What kind of trees seem to do well in your area? It might help us determine what might be suitable, and what wouldn't stand a chance.
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Greengage
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PostPosted: Wed May 30, 2012 6:59 pm    Post subject: Reply with quote

I was not getting at how you spend your money everyone to their own but there are lots of Landscapers and nurseries who will take your money if they know your budget.
You dont say how big the garden is and if it would take a weeping Beech which will eventually be a big tree and someone elses problem in the future.
I reccomend FAgus sylvatica 'Dawyck Gold' If you get your quote let us know and I will post the wholesale price for you although it may get me in trouble with landscapers.
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ellee
Rank attained: Hazel Tree
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PostPosted: Thu May 31, 2012 12:45 pm    Post subject: Reply with quote

The weeping beeches are proving horribly expensive for a decent size one, like €800 or so, ouch. Haven't found anyone doing them in Dublin yet, that tree would have to come from Cork so the delivery is expensive.

One nursery suggested a parrotica persica which was half the price for a decent size one. Looks like an interesting tree, am thinking about it.

I'm in south dublin, there's everything an anything around. Some neighbours round the corner have a lovely japanese maple which seems to do fine but the angle for wind would be different for me. House faces sw and is at bottom of a grove, so can get a bit windy from time to time.

Otherwise, there's lilac, leylandii, those awful palm trees, we've a sycamore (deformed and stunted but still quite nice) in the back garden and there are loads of those around.

Garden is long. Yes I know the beeches get v big, but they are v slow to grow (that's why it's so expensive for a big one apparrently) and there are lots of big trees around, nursery said it could be planted within 4m of house but I'd probably put it back a bit further than that. It was the "purple fountain" I was thinking of.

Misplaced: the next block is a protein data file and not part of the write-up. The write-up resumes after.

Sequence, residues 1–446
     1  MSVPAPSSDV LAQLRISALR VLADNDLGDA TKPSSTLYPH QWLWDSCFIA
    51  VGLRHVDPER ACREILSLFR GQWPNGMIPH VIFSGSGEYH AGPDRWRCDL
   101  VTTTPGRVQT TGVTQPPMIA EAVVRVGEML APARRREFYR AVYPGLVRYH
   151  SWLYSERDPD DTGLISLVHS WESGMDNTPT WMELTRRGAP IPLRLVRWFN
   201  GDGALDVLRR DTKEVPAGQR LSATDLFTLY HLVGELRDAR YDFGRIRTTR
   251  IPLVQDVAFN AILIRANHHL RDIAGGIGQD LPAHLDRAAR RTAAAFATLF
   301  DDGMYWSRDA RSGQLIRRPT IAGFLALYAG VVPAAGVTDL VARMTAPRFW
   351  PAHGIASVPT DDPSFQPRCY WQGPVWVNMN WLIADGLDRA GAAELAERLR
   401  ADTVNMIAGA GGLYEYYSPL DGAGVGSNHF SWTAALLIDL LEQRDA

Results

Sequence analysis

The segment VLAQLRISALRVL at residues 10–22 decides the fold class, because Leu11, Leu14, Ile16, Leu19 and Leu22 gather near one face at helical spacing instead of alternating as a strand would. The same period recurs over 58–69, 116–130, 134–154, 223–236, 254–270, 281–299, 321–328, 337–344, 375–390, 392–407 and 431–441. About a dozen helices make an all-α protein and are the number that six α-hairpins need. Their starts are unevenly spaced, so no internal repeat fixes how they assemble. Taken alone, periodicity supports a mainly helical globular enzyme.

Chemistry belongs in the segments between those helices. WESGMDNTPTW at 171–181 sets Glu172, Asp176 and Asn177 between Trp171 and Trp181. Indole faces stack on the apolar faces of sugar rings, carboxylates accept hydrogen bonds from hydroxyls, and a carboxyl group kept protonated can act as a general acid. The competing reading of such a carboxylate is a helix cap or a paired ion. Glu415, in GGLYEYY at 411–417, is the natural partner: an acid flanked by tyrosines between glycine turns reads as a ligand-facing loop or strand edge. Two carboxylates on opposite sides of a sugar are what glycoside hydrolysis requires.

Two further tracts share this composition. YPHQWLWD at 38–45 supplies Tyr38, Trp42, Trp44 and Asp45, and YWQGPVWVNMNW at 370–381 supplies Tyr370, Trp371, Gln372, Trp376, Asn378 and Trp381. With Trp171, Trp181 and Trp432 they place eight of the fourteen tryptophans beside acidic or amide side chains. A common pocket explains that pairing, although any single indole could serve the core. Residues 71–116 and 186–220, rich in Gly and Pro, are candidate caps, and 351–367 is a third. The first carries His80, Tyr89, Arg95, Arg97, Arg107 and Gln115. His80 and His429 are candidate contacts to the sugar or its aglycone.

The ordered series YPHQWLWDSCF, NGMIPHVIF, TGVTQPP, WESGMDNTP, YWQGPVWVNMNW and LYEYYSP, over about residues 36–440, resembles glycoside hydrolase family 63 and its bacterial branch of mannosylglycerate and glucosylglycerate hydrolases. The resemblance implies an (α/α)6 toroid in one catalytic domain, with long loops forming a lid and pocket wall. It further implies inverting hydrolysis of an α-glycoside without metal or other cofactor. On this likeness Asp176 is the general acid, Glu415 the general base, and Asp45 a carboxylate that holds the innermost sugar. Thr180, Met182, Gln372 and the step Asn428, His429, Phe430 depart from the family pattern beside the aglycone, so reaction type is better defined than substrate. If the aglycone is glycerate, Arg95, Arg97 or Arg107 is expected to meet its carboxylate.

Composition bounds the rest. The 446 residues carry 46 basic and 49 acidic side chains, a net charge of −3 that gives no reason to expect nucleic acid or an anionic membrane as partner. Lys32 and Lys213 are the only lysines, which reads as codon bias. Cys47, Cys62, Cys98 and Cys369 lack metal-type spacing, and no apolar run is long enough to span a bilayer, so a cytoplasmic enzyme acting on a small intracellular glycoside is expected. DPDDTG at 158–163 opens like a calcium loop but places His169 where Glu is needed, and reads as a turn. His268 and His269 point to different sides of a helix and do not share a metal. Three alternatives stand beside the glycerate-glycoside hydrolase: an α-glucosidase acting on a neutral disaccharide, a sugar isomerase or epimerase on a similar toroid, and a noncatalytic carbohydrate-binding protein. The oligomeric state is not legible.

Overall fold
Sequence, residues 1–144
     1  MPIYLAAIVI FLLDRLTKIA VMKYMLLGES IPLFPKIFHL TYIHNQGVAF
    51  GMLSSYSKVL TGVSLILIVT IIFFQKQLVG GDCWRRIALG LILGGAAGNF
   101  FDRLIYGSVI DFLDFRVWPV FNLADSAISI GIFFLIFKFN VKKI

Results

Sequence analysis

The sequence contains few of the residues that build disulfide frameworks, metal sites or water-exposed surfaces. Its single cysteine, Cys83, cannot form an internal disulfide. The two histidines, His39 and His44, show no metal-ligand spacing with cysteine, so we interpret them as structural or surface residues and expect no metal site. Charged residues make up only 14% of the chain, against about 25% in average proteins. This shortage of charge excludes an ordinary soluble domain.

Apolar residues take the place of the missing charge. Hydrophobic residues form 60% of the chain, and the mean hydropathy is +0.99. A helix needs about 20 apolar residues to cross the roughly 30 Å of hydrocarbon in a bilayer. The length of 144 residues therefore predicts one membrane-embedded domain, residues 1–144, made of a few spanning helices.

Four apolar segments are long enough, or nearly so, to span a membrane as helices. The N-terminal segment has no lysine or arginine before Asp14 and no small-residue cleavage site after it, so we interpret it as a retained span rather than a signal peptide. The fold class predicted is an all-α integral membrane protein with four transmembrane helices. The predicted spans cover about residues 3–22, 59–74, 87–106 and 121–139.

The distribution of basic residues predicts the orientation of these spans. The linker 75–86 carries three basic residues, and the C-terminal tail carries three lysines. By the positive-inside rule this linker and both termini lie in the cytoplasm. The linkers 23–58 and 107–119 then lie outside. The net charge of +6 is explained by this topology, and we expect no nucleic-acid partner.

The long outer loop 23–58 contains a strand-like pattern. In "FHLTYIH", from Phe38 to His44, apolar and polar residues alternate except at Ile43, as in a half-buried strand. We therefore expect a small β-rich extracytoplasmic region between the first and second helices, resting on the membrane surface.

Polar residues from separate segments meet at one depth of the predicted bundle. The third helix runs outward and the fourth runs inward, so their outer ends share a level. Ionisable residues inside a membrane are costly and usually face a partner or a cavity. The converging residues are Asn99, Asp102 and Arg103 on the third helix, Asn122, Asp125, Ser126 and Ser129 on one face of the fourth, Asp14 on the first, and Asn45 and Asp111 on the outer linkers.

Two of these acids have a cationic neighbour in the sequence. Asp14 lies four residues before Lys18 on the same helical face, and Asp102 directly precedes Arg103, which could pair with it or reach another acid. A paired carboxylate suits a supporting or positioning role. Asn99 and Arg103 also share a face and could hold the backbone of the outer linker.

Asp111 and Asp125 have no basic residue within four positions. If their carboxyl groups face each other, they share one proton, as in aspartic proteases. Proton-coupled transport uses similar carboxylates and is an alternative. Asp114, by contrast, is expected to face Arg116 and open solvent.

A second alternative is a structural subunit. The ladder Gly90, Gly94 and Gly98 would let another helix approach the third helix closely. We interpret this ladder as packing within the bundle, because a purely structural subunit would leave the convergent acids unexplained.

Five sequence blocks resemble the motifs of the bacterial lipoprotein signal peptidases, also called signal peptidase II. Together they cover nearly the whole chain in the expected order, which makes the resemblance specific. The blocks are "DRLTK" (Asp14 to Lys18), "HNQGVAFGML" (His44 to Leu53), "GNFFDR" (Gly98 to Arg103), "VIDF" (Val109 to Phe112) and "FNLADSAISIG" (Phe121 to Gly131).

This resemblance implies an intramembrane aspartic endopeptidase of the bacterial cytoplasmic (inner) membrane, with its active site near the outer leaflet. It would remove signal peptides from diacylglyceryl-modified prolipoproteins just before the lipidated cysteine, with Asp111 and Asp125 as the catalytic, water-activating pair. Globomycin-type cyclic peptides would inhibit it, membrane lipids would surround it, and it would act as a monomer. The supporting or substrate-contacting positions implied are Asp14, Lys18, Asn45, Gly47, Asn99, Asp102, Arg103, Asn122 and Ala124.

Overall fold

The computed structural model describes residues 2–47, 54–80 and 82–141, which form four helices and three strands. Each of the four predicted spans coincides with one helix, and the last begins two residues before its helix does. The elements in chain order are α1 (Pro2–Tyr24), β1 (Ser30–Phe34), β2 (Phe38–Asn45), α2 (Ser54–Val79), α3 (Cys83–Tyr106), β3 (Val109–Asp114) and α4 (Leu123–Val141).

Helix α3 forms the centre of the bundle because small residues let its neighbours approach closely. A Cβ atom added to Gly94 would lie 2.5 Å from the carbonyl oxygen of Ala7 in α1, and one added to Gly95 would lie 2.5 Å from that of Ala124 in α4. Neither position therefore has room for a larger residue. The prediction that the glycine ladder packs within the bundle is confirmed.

Garden at front is quite long and tapers off at gate.

I'll google weeping ash now!

Thanks for all the replies!
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Greengage
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PostPosted: Thu May 31, 2012 8:41 pm    Post subject: Reply with quote

parrotica persica you dont want this wide low tree check it out in Bots in front of canteen.
Jeez who you asking for tree prices Try Campbell plants for specimen trees.
Flannerys Donadea or Caragh Nurderies all three in Kildare
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djh
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PostPosted: Thu May 31, 2012 10:07 pm    Post subject: Reply with quote

It is quite a good idea to move semi mature trees. There are three levels of tree spades, tractor mounted, JCB mounted and very large scale truck mounted. Of the three the mid one seems to make a lot of sense because it is used with a local JCB and can take decent sized trees. The problem is to find a suitable tree to move because ideally they need to be set up for moving with clipped roots.

The tree below is a golden weeping beech, not a copper one but it does seem to be popular judging by the number of times the photograph below is viewed.